In order to obtain federal habeas relief, at a minimum, a petitioner must demonstrate that he is "in custody in violation of the Constitution or laws or treaties of the United States." 28 U.S.C. § 2254(a). The Antiterrorism and Effective Death Penalty Act ("AEDPA") of 1996 further circumscribed this Court's authority to grant relief by way of a writ of habeas corpus. Specifically, "[s]tate court factual determinations are presumed to be correct and may be rebutted only by clear and convincing evidence." Gray v. Branker, 529 F.3d 220, 228 (4th Cir. 2008) (citing 28 U.S.C. § 2254(e)(1)). Additionally, under 28 U.S.C. § 2254(d), a federal court may not grant a writ of habeas corpus based on any claim that was adjudicated on the merits in state court unless the adjudicated claim:

(1) resulted in a decision that was contrary to, or involved an unreasonable application of, clearly established Federal law, as determined by the Supreme Court of the United States; or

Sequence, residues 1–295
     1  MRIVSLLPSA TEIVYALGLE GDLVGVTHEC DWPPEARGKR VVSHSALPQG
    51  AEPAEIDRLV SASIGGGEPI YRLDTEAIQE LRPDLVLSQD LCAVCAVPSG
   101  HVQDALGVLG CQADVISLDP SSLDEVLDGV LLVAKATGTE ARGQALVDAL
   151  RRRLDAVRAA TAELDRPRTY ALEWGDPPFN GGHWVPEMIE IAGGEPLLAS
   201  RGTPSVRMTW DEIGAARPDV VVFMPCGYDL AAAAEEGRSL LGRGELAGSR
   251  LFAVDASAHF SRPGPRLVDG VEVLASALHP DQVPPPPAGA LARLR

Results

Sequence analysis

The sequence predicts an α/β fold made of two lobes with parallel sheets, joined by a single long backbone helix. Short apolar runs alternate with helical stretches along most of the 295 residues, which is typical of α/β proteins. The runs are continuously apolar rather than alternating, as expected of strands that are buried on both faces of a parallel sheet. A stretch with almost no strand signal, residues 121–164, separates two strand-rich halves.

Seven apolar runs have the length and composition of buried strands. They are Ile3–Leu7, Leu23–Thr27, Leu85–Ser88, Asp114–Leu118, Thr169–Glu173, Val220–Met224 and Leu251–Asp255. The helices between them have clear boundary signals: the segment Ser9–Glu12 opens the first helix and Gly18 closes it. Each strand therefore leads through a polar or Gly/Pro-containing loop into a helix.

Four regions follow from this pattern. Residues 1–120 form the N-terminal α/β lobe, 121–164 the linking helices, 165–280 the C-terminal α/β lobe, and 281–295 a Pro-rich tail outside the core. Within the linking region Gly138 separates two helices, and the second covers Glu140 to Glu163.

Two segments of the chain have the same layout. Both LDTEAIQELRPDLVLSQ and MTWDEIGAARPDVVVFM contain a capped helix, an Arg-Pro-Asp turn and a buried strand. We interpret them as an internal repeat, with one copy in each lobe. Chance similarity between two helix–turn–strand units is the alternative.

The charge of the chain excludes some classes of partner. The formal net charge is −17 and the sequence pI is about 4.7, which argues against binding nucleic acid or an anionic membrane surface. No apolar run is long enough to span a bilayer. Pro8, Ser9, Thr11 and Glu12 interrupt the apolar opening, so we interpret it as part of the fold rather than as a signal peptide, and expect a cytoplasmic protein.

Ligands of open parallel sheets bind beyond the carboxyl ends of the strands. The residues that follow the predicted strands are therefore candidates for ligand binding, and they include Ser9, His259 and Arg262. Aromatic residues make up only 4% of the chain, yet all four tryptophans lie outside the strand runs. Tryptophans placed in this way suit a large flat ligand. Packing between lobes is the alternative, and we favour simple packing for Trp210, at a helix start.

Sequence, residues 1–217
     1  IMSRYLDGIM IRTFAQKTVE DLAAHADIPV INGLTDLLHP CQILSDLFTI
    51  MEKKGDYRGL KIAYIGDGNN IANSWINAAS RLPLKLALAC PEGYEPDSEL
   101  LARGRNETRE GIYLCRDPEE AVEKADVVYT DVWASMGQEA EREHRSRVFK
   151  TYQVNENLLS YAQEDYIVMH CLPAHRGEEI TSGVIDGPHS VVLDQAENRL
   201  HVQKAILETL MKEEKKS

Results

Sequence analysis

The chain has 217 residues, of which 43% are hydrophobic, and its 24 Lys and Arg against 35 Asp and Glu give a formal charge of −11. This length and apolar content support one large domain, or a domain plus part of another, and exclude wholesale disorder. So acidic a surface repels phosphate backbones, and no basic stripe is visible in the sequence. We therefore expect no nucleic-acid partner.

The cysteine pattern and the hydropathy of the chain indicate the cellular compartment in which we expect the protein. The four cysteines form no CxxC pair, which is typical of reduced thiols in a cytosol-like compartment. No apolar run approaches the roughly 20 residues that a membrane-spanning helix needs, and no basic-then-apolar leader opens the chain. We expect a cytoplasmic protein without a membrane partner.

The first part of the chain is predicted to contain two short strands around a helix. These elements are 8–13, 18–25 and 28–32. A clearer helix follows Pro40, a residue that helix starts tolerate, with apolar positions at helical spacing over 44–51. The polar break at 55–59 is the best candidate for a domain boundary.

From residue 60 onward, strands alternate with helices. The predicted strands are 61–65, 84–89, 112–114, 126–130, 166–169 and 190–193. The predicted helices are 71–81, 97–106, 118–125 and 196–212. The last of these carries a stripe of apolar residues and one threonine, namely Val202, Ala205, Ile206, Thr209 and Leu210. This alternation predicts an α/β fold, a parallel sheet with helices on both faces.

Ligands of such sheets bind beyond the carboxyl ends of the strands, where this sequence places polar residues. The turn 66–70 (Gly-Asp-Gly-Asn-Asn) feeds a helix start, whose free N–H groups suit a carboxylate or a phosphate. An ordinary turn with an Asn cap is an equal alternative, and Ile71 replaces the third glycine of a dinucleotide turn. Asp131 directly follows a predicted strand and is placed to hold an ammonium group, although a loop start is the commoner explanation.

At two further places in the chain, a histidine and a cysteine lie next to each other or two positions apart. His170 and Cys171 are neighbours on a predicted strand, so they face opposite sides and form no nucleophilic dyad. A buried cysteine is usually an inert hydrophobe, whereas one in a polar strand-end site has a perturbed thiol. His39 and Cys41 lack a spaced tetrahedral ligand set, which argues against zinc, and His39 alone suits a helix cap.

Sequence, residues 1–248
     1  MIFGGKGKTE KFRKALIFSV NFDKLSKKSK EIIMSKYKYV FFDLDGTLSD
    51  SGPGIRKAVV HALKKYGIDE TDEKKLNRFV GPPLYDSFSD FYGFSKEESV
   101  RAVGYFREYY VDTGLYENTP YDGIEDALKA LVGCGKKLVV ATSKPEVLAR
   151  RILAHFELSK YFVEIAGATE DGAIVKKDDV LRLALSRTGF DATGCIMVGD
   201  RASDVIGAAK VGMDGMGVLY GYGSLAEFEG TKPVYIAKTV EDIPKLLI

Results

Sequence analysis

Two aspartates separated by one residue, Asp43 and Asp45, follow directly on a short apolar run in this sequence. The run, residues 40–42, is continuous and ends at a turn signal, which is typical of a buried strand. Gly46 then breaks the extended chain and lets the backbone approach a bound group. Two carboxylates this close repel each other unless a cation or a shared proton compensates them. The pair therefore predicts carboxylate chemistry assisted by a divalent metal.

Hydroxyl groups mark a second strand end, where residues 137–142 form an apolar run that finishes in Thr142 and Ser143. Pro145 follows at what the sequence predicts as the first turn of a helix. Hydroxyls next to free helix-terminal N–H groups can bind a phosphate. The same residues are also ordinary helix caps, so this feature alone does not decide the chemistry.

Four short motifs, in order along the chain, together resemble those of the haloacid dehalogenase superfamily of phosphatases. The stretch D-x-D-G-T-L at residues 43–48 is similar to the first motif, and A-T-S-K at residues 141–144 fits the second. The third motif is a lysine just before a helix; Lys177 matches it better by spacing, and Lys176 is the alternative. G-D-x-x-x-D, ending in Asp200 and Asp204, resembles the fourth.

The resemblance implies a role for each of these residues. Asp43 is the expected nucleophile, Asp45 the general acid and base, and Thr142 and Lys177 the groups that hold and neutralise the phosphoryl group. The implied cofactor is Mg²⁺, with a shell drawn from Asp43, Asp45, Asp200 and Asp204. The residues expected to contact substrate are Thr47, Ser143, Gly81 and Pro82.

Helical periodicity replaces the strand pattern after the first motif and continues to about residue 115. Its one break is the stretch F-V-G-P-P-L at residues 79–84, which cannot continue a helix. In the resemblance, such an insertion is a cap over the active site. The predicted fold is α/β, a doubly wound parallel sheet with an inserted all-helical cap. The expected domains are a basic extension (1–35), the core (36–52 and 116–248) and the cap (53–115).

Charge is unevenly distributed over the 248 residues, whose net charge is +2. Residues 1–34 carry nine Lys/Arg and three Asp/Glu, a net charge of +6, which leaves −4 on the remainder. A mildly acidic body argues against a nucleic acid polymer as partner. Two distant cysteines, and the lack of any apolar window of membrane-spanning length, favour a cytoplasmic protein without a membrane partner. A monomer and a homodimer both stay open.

(2) resulted in a decision that was based on an unreasonable determination of the facts in light of the evidence presented in the State court proceeding.

28 U.S.C. § 2254(d). The Supreme Court has emphasized that the question "is not whether a federal court believes the state court's determination was incorrect but whether that determination was unreasonable-a substantially higher threshold." Schriro v. Landhgan, 550 U.S. 465, 473 (2007) (citing Williams v. Taylor, 529 U.S. 362, 410 (2000)).

II. Factual and Procedural Background Regarding the Actual Bias Claim

Porter was charged and ultimately convicted of the capital murder of Stanley Reaves, a Norfolk Police Officer. See Porter v. Commonwealth, 661 S.E.2d 415, 419-24 (Va. 2008). Porter moved for a change of venue from the Circuit Court for the City of Norfolk to the Circuit Court for the County of Arlington.[4] Id. at 423. The Norfolk Circuit Court granted the motion and transferred Porter's trial to the Circuit Court of the County of Arlington ("Circuit Court"). Id.

A. Pertinent Voir Dire with Respect to Law Enforcement Officers

At the inception of voir dire, the Circuit Court informed the venire that Porter was charged with the capital murder of a Norfolk police officer. (State Habeas Record ("SH") 1197, 1201.) Juror Treakle and the rest of the venire assured the Circuit Court that they were not aware of any bias or prejudice against the Commonwealth or the accused. (SH 1202.) Defense counsel asked the venire: